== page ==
Attacks on the grid are evolving, becoming more frequent and malicious. Recent ransomware attacks such as the attack on the Colonial Pipeline and the 2020 SolarWinds attack emphasize the need for robust cybersecurity solutions, especially as utility operations become more flexible and distributed.
Guidehouse Insights anticipates the North American market for utility security could reach $436.8 million by 2029. Increased knowledge of what data, devices, and systems exist, and where, when, and how they communicate is essential for utilities to secure systems and networks.
Utility risk management practices will continue evolving to account for and address the highlighted risks of cybersecurity, climate change and extreme weather events, pandemics, the remote workforce, and increased market competition. Cyber and physical threats loom large for utilities over the next decade and require increased vigilance.
DER Proliferation and the Continued Disruption of the Utility Business Model
The proliferation of distributed energy resources (DER) and clean power are, and will continue to be, a disruption to the traditional utility business model. Mirroring the results from Guidehouse's 2019 and 2020 State & Future of the Power Industry studies, close to two-thirds (63%) of survey respondents in the 2021 survey indicated that the proliferation of DER will have a demonstratable impact on the utility business model and that there are no signs of this changing.
Guidehouse Insights' analysis indicates that DER deployments will outpace centralized generation on a global scale over the coming decade by a healthy margin. By 2030, Guidehouse Insights anticipates that DER capacity additions will be nearly twice that of new centralized generation capacity on an annual basis.
Increased DER uptake and participation is also expected as a result of the Federal Energy Regulatory Commission Order 2222, which intends to remove barriers preventing DER participation in wholesale energy markets. Overall, survey respondents were less concerned with increasing customer demand for sustainability and control (25%) and electrification (12%) as disruptive trends.
Although seen as a disruption, if orchestrated at scale across market participants, increasing DER penetration can be an asset to the industry by enabling more dynamic power markets.
Orchestration of diverse, distributed assets will require a shift away from siloed, top-down approaches. Increasingly, Guidehouse expects greater coordination across supply and demand stakeholders as well as stronger coordination and integration between distribution and transmission systems.
Integration platforms that can aggregate, optimize, schedule, and provide settlements for a multitude of fast transactions are required to enable this future and maintain a flexible, reliable, and balanced grid.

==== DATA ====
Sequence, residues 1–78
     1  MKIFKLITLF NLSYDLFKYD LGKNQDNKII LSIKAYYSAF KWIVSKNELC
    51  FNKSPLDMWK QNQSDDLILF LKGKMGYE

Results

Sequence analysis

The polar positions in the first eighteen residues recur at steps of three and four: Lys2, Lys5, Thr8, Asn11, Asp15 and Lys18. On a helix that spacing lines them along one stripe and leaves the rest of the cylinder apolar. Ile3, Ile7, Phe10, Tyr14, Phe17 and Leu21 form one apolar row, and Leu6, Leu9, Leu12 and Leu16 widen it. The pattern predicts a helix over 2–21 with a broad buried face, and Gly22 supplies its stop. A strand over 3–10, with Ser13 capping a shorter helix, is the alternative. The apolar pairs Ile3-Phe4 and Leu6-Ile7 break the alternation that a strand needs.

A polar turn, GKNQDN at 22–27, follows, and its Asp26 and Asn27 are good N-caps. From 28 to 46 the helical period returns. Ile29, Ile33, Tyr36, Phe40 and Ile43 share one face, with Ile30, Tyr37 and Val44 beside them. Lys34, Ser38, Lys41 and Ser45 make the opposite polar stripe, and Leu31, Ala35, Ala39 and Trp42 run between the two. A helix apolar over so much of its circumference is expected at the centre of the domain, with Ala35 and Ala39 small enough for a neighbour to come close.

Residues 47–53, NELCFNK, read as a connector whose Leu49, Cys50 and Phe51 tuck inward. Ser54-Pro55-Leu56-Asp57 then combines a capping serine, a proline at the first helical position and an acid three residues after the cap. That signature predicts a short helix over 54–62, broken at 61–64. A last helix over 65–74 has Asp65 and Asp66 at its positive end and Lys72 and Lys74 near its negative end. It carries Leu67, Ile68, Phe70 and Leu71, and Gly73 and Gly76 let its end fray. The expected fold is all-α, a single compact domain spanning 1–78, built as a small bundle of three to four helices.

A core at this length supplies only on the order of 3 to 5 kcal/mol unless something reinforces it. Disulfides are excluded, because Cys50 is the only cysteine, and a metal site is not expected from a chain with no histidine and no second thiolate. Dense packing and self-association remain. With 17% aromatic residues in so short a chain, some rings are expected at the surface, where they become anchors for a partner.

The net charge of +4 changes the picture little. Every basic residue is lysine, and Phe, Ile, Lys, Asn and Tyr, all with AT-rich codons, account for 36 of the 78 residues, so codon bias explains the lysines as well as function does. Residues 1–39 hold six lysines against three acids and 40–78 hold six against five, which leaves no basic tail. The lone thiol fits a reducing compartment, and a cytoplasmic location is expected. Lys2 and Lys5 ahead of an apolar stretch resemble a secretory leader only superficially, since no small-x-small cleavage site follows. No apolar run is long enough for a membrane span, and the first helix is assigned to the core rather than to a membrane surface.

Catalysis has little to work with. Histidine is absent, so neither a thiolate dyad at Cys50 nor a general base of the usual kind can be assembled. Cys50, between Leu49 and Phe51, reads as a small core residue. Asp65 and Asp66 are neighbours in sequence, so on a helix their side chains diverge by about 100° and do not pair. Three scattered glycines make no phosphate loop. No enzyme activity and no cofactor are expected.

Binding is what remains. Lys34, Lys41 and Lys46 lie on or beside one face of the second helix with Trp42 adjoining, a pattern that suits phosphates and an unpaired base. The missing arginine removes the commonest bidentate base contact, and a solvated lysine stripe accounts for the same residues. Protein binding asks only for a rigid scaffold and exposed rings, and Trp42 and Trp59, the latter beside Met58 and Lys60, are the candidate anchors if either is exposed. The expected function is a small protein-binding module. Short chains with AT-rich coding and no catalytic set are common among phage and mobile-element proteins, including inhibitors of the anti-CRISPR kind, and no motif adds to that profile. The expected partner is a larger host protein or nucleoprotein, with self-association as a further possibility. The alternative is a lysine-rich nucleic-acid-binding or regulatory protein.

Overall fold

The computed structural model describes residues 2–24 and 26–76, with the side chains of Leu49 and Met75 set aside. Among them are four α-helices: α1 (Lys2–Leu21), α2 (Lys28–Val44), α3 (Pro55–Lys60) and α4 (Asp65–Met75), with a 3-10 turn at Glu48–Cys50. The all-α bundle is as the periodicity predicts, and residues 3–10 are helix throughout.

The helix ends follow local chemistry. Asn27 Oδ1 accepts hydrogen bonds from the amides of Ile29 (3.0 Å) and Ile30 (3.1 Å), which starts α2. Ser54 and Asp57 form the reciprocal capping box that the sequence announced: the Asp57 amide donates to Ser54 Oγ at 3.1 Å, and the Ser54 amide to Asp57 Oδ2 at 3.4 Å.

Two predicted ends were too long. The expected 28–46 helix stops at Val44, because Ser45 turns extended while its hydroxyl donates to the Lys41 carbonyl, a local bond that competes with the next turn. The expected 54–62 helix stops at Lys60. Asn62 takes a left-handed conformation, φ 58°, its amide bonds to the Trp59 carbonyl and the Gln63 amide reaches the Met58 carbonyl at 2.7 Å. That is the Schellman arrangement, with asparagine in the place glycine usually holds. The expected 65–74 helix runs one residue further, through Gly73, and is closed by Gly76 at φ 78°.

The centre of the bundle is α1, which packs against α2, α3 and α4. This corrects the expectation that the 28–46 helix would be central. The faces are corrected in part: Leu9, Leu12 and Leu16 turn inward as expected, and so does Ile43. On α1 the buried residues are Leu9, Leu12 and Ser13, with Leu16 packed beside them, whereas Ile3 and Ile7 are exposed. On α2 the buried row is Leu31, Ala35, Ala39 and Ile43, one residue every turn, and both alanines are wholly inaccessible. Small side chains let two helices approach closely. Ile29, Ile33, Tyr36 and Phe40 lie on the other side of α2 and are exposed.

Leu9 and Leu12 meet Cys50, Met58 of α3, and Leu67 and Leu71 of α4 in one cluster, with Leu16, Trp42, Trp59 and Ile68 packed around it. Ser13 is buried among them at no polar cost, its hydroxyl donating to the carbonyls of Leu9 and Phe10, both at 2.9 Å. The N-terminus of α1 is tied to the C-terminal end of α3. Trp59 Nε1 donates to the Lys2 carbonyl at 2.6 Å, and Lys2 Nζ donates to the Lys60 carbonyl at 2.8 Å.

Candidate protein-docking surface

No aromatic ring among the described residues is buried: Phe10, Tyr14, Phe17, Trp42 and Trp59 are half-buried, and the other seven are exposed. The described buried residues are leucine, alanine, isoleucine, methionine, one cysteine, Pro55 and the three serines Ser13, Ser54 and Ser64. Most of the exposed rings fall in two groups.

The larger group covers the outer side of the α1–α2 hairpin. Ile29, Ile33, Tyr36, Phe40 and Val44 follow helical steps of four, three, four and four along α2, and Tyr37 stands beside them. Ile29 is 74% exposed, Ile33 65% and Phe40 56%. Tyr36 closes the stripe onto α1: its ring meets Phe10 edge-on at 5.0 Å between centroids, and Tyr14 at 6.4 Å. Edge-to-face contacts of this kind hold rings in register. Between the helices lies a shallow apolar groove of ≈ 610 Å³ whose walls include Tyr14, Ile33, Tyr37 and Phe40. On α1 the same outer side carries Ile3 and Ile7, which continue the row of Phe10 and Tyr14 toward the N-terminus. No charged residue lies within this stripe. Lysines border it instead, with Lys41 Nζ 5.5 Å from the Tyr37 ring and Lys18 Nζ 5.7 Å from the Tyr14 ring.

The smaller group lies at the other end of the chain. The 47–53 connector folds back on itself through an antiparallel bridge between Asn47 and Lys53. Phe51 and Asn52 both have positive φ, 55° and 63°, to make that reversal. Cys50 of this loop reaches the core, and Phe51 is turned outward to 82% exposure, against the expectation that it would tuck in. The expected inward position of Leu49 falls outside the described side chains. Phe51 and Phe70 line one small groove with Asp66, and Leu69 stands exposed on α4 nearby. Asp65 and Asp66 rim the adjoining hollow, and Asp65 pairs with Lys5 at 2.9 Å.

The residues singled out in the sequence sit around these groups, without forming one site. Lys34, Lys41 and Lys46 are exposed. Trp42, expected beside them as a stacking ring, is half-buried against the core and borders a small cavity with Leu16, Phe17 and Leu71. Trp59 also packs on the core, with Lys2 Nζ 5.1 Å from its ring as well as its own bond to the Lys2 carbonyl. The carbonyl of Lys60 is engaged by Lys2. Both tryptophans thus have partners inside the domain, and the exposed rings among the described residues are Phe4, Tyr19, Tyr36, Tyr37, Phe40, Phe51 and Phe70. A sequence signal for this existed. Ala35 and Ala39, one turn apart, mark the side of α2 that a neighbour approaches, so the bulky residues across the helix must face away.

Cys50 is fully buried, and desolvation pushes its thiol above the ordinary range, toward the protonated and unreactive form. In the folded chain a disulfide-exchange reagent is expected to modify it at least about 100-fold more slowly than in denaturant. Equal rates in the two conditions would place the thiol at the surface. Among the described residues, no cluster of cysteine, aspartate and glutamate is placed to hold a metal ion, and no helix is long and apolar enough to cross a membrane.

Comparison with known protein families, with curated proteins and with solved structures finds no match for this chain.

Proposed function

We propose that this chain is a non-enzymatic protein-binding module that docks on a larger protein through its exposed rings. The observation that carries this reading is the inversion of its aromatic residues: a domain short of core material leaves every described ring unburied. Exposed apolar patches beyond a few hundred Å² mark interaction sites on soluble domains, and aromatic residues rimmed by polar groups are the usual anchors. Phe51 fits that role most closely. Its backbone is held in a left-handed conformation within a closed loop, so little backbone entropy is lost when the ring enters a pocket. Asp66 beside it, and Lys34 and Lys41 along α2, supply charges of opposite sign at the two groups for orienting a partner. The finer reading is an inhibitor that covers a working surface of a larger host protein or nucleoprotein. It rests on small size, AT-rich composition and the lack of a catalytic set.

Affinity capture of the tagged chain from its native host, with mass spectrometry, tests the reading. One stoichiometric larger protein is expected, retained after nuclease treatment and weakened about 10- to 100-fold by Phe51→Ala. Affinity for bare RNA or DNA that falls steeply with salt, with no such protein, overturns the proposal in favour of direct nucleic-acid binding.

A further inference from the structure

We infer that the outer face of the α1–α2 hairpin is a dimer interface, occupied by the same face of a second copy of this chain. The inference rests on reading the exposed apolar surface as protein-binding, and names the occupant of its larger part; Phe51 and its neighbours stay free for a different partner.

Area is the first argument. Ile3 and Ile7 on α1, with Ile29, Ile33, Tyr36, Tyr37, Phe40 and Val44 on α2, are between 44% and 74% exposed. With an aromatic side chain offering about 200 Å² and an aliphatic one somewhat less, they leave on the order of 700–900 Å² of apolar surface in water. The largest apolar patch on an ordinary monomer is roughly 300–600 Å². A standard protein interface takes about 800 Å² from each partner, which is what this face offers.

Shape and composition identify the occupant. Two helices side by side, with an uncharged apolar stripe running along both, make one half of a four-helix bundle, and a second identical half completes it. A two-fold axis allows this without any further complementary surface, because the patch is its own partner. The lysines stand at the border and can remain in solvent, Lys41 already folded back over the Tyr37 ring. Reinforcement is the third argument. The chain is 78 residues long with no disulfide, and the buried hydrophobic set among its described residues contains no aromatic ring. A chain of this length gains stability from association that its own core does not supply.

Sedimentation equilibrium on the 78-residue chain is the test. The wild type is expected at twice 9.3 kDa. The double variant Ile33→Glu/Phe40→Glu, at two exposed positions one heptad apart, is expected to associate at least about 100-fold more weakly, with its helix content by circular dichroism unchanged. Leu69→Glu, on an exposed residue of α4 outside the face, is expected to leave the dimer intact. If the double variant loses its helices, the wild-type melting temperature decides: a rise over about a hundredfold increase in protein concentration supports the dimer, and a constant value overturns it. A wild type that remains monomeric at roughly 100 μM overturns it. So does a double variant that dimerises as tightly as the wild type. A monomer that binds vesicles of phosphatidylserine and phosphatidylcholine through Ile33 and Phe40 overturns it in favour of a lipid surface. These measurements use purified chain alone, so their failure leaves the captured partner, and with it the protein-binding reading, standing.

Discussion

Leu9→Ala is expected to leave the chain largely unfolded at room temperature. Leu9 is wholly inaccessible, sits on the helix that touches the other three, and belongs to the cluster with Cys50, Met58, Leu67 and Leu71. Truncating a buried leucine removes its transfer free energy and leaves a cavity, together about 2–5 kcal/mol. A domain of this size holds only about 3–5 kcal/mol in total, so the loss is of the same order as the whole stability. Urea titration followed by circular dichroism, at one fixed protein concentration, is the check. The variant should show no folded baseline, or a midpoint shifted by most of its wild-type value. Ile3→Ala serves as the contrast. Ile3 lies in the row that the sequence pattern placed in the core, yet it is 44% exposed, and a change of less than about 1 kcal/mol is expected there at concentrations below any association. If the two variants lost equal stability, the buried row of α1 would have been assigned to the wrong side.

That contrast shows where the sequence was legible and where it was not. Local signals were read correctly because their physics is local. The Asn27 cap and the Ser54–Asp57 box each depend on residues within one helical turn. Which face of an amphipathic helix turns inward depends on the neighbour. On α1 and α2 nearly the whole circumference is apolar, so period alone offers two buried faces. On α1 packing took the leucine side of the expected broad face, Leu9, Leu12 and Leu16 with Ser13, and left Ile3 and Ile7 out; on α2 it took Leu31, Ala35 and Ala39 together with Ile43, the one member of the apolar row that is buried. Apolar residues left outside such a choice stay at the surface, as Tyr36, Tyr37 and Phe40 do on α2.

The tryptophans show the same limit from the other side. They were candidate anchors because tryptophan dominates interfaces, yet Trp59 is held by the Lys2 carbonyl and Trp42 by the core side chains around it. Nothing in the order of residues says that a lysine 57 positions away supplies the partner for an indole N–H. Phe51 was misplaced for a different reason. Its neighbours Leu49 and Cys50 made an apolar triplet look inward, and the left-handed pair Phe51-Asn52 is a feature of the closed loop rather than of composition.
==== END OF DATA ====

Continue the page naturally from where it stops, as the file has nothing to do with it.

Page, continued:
Utility investment is expected to increase steadily in advanced grid management systems, including distributed energy resource management systems (DERMS). Guidehouse Insights anticipates that the North American market for DERMS reaches $720 million in 2029.
Additional investment in utility automation, digitalization, and other advanced software like blockchain and AI will grant utilities greater visualization into the grid edge while providing diverse products and services for customers. Continued deployment and growth of these markets is expected. The global energy blockchain market is expected to grow at a compound annual growth rate of 66.9% by 2030.
Focusing on North America, the market for virtual power plants is anticipated to reach $1.67 billion in 2029, a significant increase from 2020.
Although DER pose an operational threat to disrupt the utility business model, emerging non-energy competitors pose an external threat to how utilities do business with customers. Technology and telecom companies pose the biggest threat to utilities according to 55% of survey respondents, a decrease from 2020 results. 29% of respondents pointed to international electricity and gas companies while 16% cited oil & gas companies as the biggest threat.
Compared to 2020 State and Future of the Power Industry survey results, there was a large increase in the number of respondents who felt that international electricity and gas companies posed a threat as potential competitors.
Since 2019, oil & gas companies consistently have been seen as the least threatening (14%) despite major investments into the power sector. According to Guidehouse's Energy Cloud Investment Tracker, since January 2020, energy markets have seen the largest investments and acquisitions by global utilities in terms of transaction value.